ISSN : 1301-5680
e-ISSN : 2149-8156
TURKISH JOURNAL OF
THORACIC AND
CARDIOVASCULAR SURGERY
Turkish Journal of Thoracic and Cardiovascular Surgery     
The effect of time between angiography and coronary artery bypass grafting on postoperative acute kidney injury in patients with diabetes mellitus
Cem Doğan1, Tanıl Özer2, Rezan Aksoy2, Rezzan Deniz Acar1, Zübeyde Bayram1, Taylan Adademir2, Kaan Kırali2, Nihal Özdemir1
1Department of Cardiology, University of Health Sciences, Kartal Koşuyolu Yüksek İhtisas Training and Research Hospital, İstanbul, Turkey
2Department of Cardiovascular Surgery, University of Health Sciences, Kartal Koşuyolu Yüksek İhtisas Training and Research Hospital, İstanbul, Turkey
DOI : 10.5606/tgkdc.dergisi.2019.16216

Abstract

Background: This study aims to investigate the effect of time interval between coronary angiography and coronary artery bypass grafting surgery on postoperative acute kidney injury in patients with diabetes mellitus.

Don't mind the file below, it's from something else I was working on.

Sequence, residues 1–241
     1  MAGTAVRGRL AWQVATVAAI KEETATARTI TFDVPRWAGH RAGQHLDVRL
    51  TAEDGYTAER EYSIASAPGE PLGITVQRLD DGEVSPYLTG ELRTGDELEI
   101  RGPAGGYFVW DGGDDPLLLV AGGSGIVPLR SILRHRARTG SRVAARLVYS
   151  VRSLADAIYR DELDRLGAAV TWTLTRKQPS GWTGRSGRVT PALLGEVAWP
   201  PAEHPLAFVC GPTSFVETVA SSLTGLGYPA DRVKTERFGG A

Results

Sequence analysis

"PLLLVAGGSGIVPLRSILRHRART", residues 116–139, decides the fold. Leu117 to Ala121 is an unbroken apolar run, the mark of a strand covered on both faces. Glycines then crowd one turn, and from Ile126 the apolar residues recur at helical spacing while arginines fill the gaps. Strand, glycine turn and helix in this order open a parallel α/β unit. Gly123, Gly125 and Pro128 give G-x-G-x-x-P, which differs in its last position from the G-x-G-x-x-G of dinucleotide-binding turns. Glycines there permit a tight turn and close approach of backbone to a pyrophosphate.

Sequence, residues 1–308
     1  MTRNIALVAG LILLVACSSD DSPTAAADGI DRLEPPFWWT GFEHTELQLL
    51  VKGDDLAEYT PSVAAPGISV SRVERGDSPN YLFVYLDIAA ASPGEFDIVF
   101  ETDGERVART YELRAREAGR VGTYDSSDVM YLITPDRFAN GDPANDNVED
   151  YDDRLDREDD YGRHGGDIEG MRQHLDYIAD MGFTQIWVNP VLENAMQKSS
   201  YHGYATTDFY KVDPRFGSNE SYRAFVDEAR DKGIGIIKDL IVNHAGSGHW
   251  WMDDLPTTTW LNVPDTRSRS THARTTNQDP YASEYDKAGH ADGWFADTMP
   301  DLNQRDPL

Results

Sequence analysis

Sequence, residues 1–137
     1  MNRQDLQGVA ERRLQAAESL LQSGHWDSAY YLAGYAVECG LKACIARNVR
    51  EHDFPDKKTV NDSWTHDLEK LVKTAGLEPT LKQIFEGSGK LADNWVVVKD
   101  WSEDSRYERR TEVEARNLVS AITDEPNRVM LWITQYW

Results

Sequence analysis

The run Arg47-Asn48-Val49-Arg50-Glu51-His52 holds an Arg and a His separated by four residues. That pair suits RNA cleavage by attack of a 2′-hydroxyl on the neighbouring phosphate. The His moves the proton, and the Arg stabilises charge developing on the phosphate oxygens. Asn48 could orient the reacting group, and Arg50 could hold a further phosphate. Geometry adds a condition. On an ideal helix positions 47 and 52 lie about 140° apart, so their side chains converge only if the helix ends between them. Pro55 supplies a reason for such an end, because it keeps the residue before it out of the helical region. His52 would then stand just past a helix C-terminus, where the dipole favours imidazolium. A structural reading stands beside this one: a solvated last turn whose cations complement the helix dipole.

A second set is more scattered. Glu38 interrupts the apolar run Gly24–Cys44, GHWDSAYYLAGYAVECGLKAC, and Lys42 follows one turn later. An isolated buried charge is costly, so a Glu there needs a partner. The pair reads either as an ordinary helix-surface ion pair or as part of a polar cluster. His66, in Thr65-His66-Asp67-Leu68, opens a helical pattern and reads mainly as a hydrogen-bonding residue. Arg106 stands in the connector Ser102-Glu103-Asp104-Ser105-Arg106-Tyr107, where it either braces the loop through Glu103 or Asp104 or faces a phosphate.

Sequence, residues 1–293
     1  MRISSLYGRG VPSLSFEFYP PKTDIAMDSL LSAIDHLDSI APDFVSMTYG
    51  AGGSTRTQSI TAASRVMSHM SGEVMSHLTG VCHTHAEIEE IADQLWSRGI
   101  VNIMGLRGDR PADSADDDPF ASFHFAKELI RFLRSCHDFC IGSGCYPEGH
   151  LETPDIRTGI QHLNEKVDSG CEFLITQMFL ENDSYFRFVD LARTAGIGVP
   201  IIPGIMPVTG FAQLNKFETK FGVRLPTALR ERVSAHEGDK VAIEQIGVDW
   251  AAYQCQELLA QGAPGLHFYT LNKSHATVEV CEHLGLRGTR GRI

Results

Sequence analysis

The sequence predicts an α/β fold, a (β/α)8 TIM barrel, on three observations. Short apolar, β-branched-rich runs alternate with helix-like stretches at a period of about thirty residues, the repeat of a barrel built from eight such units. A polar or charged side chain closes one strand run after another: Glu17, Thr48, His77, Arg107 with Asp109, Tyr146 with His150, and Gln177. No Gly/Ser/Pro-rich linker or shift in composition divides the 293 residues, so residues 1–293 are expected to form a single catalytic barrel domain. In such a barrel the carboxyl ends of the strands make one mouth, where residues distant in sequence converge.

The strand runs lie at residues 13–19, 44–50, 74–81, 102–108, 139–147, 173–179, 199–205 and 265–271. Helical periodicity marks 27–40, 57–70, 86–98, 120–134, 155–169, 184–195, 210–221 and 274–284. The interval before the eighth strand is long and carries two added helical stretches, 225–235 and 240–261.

Methods: Between December 2013 and November 2016, a total of 421 diabetic patients (274 males, 147 females; mean age 60±9.2 years; range, 31 to 84 years) who underwent coronary artery bypass grafting were included in the study. Data including demographic characteristics of the patients, comorbidities, medical, and surgical histories, previous coronary angiographies, and operative and laboratory results were retrospectively analyzed. The patients were divided into two groups as those with acute kidney injury (n=108) and those without acute kidney injury (n=313). The Risk, Injury, Failure, Loss, End-Stage Kidney Disease (RIFLE) criteria were used to define acute kidney injury. The patients were further classified into three subgroups according to the time interval: 0-3 days, 4-7 days, and >7 days.